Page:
Wolf’s Rain is an epic post-apocalyptic anime series that mixes drama, fantasy, and sci-fi into a mature and complex story. Set somewhere in a future world that may or may not be Earth, wolves, thought to have been hunted to extinction some 200 years in the past, still exist by casting a visual illusion over themselves that makes them appear human. With the world mostly desolate and poverty stricken, there is a mythology that a place called Paradise could be found, but only the wolves could lead everyone there. The story of Wolf’s Rain follows four lone wolves, Kiba, an injured lone white wolf, and Tsume, Hige and Toboe who meet each other in a rundown city called Freeze City, all led there by the scent of Lunar Flowers, which are said to lead the way to Paradise. The wolves form a pack and set off to find Paradise and along the way face many dangers and adventures including being hunted by the human nobility, and coming across the legendary Flower Maiden – a genetically modified Lunar Flower grown into the form of a beautiful girl who is said to be the key to Paradise.
The series is engaging in its serious treatment of the search for paradise as an almost religious allegory on humanity’s quest to return to the Garden of Eden. The characters, wolf, human, and flower alike, are all thoroughly fleshed out and there’s a pervasive melancholy to the series that keeps it mature. It’s in the score from Kanno Yoko and even the dialogue that seems fascinated with mortality. Visually, it is a breathtakingly animated series as well. The wolves look almost real and the visual effect used to show the cloak they use to conceal themselves works to blur the lines even further between human and beast. With Wolf’s Rain, a 2003 series, BONES, proved themselves again an anime studio that was unlike the rest and could make some serious and often thought-provoking works.
Being an older series done in standard definition, Wolf’s Rain doesn’t look as great as an HD-sourced series. It’s a bit soft, there is some haloing around the line art and colors are a bit subdued. That said, the expanded bandwidth and better compression formats on Blu-ray do give it a small edge over the DVD versions. It is brought to Blu-ray in an AVC 1080p upscaled encodement framed at its original 1.33:1.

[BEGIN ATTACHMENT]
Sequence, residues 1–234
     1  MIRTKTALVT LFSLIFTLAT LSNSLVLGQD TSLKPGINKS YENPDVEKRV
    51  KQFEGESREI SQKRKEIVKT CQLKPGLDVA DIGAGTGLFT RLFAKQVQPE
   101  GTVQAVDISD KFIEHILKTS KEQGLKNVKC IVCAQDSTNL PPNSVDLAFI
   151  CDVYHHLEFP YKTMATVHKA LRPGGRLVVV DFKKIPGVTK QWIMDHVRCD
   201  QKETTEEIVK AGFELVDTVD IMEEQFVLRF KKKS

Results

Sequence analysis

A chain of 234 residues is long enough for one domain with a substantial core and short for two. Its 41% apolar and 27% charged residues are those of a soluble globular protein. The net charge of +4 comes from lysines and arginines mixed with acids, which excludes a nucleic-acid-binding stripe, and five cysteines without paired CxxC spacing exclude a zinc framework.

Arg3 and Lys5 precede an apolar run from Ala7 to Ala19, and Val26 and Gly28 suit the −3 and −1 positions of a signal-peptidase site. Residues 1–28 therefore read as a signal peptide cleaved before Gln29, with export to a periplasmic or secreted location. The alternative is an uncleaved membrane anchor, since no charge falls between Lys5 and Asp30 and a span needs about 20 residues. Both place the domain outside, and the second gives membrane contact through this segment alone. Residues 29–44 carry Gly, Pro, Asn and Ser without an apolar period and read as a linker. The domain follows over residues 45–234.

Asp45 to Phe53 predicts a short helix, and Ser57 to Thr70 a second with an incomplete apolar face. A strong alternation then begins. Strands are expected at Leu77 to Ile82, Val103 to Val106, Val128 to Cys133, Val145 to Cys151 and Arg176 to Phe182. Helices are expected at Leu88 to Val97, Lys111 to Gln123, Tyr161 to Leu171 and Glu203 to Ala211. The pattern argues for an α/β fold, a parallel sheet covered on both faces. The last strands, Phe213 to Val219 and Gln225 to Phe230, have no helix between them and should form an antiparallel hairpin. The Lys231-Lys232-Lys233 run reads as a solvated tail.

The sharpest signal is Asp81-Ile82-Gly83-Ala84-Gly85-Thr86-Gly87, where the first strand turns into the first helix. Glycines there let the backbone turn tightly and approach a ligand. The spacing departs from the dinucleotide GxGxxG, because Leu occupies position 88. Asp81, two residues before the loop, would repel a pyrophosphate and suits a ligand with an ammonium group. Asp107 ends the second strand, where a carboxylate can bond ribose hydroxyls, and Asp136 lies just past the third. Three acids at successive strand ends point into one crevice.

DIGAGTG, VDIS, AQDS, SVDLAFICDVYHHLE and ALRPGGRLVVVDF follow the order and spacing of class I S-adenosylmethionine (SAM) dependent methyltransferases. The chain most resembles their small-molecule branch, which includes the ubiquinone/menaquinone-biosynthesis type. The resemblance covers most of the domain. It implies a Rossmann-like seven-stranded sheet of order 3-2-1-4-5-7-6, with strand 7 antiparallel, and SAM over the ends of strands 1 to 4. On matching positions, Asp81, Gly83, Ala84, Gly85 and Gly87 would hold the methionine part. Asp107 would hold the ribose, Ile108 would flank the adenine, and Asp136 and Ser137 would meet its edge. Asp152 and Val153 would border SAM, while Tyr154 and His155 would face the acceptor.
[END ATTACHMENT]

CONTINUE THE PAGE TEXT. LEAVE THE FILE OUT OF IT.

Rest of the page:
The original Japanese stereo mix is included in Dolby TrueHD 2.0 and an English dub in Dolby TrueHD 5.1. The 5.1 mix doesn’t bring much to the table other than a lot of ambience and some boosted low-end in the LFE. The 2.0 mix in Japanese sounds more balanced, but is not spectacular by any means. It is a basic stereo mix, but the incredibly emotive musical score for this series does come through very well as does the dialogue.
I’m glad to see the Japanese cast and staff interviews included in this set, but much included here are SD port-overs.
- Cast Interview 1 (1.33:1; SD; 00:06:58) (Japanese)
- Cast Interview 2 (1.33:1; SD; 00:08:20) (Japanese)
- Staff Interview (1.33:1; SD; 00:06:08) (Japanese)
- Pilot Film (1.33:1; SD; 00:02:20)
- Promo Film (1.33:1; SD: 00:01:43)
- Promo Film 2 (1.33:1; SD; 00:01:30)
- 15-second Promos (1.33:1; SD: 00:01:08)
- Textless Opening Song “stray”
- Textless Closing Song “gravity” Ep. 1
- Textless Closing Song “gravity” Ep. 27
- Textless Closing Song “Tell Me What Rain Knows”
- Funimation Trailers
The Final Assessment
The video quality of Wolf’s Rain is necessarily not up to today’s standards given its 2003 vintage, but this is truly a classic series that many other series in the genre today struggle to match. If you’re an anime fan, you need to watch this one and own this collection.
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